- Robust November sales and a UAW strike against GM left inventories low to close out 2019; GM is rebuilding.
- BMW and Mercedes battle for luxury leadership with low inventories entering December, a strong month for luxury.
- Kia was second only to Subaru in low days’ supply.
The number of new vehicles in inventory at the start of December declined after a strong November sales month.
New-vehicle inventory for November came in at 3.6 million units, slightly lower than October. It was the seventh consecutive month that the industry’s inventory was below 4 million units. The average days’ supply of all new vehicles was 66 for November, down a full week from October and down five days from November 2018.
Inventory levels are an important indicator for the industry. High inventories mean automakers have to cut production, boost incentives or do both. Tight inventories generally result in fewer incentives.
Inventories of both cars and light trucks fell from October as well as from year-ago levels. About 60 days’ supply used to be considered normal, but that was before the recent dramatic shift from cars and to trucks and SUVs. Days’ supply of trucks tends to be higher because of the large number of configurations of pickups.
The average days’ supply of cars, which represented only 23% of total inventory in November, came in at 58, down eight days from October and six days from November 2018. The average days’ supply of light trucks – pickup trucks and SUVs combined – stood at 69 in November, down a full week from October and down five days from November 2018.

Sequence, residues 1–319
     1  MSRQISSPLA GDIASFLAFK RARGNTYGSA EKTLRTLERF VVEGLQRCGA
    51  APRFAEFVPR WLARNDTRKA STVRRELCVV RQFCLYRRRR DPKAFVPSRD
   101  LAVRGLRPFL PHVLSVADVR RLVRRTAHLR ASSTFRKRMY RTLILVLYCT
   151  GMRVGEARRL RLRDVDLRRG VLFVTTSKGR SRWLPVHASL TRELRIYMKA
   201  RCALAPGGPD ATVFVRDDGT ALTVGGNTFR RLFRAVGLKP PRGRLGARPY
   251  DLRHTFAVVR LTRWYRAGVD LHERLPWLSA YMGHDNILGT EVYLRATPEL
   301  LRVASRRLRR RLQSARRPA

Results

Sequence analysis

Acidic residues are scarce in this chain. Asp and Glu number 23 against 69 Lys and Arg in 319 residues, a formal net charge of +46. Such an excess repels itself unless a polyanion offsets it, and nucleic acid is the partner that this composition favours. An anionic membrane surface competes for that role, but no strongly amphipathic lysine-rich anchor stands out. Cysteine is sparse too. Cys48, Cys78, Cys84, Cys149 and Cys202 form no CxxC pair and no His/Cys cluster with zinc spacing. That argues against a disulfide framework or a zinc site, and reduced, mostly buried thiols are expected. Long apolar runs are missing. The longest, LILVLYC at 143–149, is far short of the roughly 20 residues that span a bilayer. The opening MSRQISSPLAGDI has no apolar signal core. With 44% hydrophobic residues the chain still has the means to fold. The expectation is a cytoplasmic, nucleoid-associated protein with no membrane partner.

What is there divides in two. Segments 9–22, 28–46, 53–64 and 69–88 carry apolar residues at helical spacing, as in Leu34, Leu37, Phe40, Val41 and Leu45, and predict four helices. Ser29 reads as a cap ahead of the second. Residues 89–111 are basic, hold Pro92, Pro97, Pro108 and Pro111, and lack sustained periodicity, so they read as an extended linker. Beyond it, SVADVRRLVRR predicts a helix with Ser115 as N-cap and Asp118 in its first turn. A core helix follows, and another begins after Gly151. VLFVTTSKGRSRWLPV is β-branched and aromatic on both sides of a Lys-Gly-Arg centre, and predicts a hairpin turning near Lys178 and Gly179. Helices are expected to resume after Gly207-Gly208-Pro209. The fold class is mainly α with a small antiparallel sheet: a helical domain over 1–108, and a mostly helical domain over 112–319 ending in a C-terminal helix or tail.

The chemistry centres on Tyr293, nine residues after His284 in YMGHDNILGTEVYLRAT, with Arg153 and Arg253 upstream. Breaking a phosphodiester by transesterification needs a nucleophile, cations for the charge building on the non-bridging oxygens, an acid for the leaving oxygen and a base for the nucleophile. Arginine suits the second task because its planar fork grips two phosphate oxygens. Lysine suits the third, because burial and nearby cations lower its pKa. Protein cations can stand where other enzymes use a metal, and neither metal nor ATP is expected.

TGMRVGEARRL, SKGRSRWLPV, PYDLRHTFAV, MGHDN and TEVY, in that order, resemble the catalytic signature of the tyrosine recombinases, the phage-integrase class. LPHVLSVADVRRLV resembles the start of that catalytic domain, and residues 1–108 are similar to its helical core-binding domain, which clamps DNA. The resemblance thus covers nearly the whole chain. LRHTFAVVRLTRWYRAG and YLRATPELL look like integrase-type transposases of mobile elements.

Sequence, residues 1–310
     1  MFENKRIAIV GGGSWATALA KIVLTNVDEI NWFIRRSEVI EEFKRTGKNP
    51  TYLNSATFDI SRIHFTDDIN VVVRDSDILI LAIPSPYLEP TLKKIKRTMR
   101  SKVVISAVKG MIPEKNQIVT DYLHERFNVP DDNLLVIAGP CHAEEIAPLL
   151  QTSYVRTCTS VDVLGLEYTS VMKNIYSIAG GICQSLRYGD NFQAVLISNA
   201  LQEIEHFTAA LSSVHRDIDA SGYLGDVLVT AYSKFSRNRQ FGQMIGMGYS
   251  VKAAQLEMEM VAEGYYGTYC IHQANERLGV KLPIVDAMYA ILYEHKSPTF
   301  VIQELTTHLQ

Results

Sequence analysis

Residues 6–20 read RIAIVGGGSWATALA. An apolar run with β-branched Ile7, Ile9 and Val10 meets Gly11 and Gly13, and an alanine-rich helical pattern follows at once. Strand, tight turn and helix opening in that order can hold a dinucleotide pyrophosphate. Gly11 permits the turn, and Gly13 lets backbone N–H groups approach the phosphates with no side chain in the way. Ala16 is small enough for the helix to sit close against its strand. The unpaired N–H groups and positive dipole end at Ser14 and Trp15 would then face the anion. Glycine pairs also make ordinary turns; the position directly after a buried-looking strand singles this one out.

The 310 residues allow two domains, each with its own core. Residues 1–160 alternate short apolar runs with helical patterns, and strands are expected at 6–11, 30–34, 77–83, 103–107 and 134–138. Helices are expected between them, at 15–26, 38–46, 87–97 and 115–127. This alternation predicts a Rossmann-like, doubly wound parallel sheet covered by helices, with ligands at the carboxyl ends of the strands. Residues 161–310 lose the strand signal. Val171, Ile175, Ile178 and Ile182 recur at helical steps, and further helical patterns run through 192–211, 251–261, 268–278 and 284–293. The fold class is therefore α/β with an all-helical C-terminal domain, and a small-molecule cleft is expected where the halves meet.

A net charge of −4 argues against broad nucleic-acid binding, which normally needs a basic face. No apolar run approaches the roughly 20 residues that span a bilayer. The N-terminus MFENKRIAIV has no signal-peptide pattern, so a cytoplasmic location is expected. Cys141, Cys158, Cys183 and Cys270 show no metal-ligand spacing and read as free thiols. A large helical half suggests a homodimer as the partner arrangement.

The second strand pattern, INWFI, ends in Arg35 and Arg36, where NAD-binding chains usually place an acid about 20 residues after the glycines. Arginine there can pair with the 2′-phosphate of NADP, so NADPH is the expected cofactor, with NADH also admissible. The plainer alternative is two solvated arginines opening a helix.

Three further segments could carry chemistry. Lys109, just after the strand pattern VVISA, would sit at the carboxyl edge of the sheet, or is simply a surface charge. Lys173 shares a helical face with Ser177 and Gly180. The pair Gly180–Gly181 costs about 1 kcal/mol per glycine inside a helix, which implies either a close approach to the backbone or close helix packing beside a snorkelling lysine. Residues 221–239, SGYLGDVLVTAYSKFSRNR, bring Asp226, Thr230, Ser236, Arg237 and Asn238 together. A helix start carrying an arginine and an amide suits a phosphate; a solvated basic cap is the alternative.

Inventory levels vary widely by brand. As has been the case, Subaru had the lowest days’ supply at 24, but Kia, which has enjoyed strong sales largely due to the addition of new models including the three-row Telluride SUV, wasn’t far behind at 34 days. Toyota had a 59 days’ supply, down a week from October and up a couple of days from a year ago.
In contrast, Mitsubishi had the highest days’ supply at 106. Fiat Chrysler, which Bloomberg News had reported was pressuring dealers to take excess inventory in October, got its days’ supply down to 80 in November, a drop of eight days from October and 15 days from November 2018.
In raw numbers, Ford had the biggest amount of inventory with more than a half-million vehicles in stock in November. Ford’s average days’ supply stood at 91, about the same as in October but up six days from November 2018. Ford’s line is mostly trucks and SUVs as it gradually deserts the car business, except for the Mustang. The Focus and Fiesta are now gone.
After a 40-day strike this fall that shut down all U.S. factories, General Motors had a 70 days’ supply for November, down 14 days from October and 13 days from a year ago. GM has scheduled hefty amounts of overtime and weekends, including Sundays, which is unusual, at its truck plants to catch up. As a result, Chevrolet had the second largest amount of raw stock at 400,000 units. Chevrolet’s truck inventory increased about 5% from October, but still lags last November by almost 9%.
With Mercedes-Benz and BMW locked in a battle for the 2019 luxury sales crown, both enter December, a traditionally vibrant month for luxury vehicle sales, with relatively low inventories. In raw numbers, BMW, which posted a 10% year-over-year gain in sales in November, had the lowest amount of stock in the industry with 8,000 vehicles. Mercedes had one of the lowest days’ supply at 35, a full week less than October and 10 days less than a year ago.